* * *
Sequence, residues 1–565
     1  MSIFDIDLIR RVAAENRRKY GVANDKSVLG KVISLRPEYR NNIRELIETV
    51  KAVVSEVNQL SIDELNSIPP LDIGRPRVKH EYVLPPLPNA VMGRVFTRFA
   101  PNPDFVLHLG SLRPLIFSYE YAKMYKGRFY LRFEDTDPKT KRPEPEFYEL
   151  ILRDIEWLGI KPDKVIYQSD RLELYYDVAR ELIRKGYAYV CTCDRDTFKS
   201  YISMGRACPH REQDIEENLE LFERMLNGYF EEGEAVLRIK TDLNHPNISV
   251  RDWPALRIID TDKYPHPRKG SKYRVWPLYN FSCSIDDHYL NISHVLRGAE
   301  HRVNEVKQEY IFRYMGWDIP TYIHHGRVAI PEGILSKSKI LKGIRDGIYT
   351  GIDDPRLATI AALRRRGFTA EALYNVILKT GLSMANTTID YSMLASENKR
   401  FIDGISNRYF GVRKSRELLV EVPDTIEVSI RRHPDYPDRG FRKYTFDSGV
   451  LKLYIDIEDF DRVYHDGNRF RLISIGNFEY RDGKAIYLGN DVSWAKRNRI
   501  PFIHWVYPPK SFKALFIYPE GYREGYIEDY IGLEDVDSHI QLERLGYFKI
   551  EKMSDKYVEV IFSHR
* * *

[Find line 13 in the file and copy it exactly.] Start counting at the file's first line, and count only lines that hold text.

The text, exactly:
   551  EKMSDKYVEV IFSHR